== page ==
Feedback loops, dammit.
Rapid mean reversion from transient vol. spikes has become a defining feature of this market. There’s been no shortage of discussion regarding this dynamic and one of the best ways to see it is simply to look at VVIX / VIX which remains – how can we put this nicely? – “elevated”:
As BofAML put it a couple of months ago, “the frequent occurrence of sharp, short-lived shocks justifies a high vol of vol.”
Part and parcel of the rapid mean reversion dynamic is the presence of VIX ETPs and more generally, the proliferation of the short vol. trade which benefits from the transparent relationship central banks maintain with markets.
The two-way communication channel that allows markets to be a co-author of the policy script makes it impossible for anyone to form a long-term view and thus optimizes the prevailing dynamic.
Well, Deutsche Bank is out with a few new bullet points on this and as usual, it’s worth noting if for no other reason that to keep a running tally of how this dynamic is being more deeply embedded in markets by the month.
As the bank notes, we’ve seen this (i.e. rapid mean reversion) before during periods of low vol., but “there have been many more instances with increases in implied vol followed by quick reversals since 2013 (high volatility of volatility), even compared to [similar] low implied volatility periods.”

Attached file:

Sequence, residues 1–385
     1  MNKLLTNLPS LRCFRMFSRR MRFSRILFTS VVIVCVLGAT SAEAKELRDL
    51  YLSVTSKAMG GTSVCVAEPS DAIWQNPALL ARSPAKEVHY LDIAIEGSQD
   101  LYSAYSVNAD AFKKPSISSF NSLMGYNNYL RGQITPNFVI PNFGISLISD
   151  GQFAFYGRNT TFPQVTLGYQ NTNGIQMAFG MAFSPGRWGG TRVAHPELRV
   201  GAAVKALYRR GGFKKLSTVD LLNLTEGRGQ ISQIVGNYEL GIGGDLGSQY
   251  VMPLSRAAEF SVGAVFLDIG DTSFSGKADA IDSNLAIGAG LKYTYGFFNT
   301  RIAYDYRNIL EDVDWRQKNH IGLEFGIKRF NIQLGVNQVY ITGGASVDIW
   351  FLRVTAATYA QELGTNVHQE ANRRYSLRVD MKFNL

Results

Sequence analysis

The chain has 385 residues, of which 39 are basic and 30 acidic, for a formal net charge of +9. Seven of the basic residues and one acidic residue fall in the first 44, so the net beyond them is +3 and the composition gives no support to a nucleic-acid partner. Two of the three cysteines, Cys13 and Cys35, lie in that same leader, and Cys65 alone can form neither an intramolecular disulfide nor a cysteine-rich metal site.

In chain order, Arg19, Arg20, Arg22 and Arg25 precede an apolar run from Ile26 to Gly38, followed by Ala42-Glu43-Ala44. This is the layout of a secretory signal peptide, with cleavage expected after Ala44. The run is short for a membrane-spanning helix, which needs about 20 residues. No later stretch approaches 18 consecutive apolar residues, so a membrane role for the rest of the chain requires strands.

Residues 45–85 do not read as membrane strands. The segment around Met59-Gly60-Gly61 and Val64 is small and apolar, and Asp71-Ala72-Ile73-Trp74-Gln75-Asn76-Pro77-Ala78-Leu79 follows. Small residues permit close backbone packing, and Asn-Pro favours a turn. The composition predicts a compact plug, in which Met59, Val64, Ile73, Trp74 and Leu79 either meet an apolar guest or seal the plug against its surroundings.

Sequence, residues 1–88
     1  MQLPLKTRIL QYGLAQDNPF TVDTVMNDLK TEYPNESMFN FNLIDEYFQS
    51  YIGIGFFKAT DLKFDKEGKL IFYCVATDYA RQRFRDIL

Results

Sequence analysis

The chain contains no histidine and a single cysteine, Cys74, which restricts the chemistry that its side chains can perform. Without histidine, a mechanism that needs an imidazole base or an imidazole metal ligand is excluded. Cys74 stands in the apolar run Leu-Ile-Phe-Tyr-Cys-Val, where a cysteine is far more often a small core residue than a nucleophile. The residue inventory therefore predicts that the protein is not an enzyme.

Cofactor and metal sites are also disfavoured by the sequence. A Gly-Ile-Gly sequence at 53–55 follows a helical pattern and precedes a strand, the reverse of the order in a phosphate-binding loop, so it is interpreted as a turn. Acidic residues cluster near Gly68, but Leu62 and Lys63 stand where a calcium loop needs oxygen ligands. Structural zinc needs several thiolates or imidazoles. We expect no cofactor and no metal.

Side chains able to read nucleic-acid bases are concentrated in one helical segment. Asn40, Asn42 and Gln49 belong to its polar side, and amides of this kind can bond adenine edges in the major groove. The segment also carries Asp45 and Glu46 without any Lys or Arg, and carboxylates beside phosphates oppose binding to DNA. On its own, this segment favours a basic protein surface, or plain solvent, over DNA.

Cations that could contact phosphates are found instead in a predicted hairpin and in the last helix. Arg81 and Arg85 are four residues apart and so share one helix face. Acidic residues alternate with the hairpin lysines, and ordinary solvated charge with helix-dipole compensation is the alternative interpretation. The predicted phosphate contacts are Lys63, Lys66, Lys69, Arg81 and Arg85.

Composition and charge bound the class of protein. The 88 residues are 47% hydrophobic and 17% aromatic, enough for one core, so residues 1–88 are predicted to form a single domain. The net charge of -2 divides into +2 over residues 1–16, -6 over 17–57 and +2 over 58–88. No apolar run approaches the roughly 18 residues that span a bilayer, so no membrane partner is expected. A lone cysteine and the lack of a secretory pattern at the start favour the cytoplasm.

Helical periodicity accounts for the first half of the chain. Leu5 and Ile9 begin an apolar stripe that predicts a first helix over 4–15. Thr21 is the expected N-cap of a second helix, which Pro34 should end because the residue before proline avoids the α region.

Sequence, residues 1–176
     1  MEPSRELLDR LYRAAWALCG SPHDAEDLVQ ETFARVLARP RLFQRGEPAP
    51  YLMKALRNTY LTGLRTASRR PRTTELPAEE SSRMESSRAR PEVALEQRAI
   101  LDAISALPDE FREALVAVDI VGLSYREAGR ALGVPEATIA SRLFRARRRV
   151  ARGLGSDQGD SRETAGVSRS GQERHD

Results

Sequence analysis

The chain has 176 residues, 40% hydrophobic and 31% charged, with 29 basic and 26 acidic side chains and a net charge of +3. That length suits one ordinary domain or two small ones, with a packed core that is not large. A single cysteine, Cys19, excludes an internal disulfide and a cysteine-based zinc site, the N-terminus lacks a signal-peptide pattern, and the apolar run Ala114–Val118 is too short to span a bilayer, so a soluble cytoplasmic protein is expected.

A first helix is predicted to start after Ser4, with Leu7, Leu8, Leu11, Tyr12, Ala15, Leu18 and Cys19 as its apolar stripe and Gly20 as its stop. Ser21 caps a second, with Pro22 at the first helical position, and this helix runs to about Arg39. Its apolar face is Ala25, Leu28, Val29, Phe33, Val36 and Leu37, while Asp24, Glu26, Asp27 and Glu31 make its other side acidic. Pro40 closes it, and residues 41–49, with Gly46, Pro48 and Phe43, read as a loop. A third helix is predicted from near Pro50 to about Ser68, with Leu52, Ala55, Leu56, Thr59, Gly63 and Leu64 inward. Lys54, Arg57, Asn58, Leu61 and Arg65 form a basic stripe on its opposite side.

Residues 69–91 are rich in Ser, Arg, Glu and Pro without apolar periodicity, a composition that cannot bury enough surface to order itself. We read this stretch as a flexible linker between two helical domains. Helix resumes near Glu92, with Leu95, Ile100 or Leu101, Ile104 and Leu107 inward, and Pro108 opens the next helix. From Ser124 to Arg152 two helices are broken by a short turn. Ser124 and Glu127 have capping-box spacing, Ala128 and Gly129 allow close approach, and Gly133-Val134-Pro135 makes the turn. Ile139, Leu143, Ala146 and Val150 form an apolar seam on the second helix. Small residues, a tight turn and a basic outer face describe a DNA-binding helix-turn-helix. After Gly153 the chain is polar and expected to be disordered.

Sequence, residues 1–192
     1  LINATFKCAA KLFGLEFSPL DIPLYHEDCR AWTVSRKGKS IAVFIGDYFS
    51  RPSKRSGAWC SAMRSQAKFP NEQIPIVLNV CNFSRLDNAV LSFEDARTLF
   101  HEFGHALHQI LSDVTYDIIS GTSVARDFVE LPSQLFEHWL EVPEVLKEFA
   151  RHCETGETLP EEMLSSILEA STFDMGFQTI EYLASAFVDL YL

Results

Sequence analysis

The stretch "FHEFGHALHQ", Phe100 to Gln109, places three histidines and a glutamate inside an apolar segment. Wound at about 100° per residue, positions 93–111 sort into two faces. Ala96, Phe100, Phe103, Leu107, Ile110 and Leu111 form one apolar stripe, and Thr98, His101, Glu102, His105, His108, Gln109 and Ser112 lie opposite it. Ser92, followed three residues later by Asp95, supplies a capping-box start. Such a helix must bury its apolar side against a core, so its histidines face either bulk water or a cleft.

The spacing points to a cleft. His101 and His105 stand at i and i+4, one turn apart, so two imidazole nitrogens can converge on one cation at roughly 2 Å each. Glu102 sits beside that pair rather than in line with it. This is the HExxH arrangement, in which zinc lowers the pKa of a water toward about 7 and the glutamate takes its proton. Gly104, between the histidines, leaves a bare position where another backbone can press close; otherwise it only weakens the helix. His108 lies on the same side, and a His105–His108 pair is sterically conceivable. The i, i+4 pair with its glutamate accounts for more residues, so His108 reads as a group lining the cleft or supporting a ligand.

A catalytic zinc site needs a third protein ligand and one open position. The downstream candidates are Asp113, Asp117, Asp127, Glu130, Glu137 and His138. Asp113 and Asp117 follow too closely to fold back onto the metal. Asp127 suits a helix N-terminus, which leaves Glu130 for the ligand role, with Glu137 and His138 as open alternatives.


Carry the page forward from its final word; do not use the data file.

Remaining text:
One thing to note about the chart in the right pane is that the vol. spikes from 2013-present haven’t been very large, thus helping them revert quickly. Also ensuring a rapid reversion are everyone’s favorite market doomsday vehicles. To wit, from Deutsche:
The growing popularity of short vol strategies expressed either through the VIX ETP complex or delta-hedged options has tended to exacerbate the original spike making what may have been smaller increases in volatility more pronounced. However, these revert quickly when there is no sustained follow through to higher levels of volatility, as these same short vol participants re-engage to sell volatility at higher levels.
Right. So what could finally break the spell? Well, that’s the ironic thing about this whole ridiculous trade. The only thing that can break the spell is “a longer period of steadily increasing implieds.” To understand why that isn’t likely, see everything said above. And around we go.
Bottom line from DB: “Short volatility has behaved like a momentum trade.”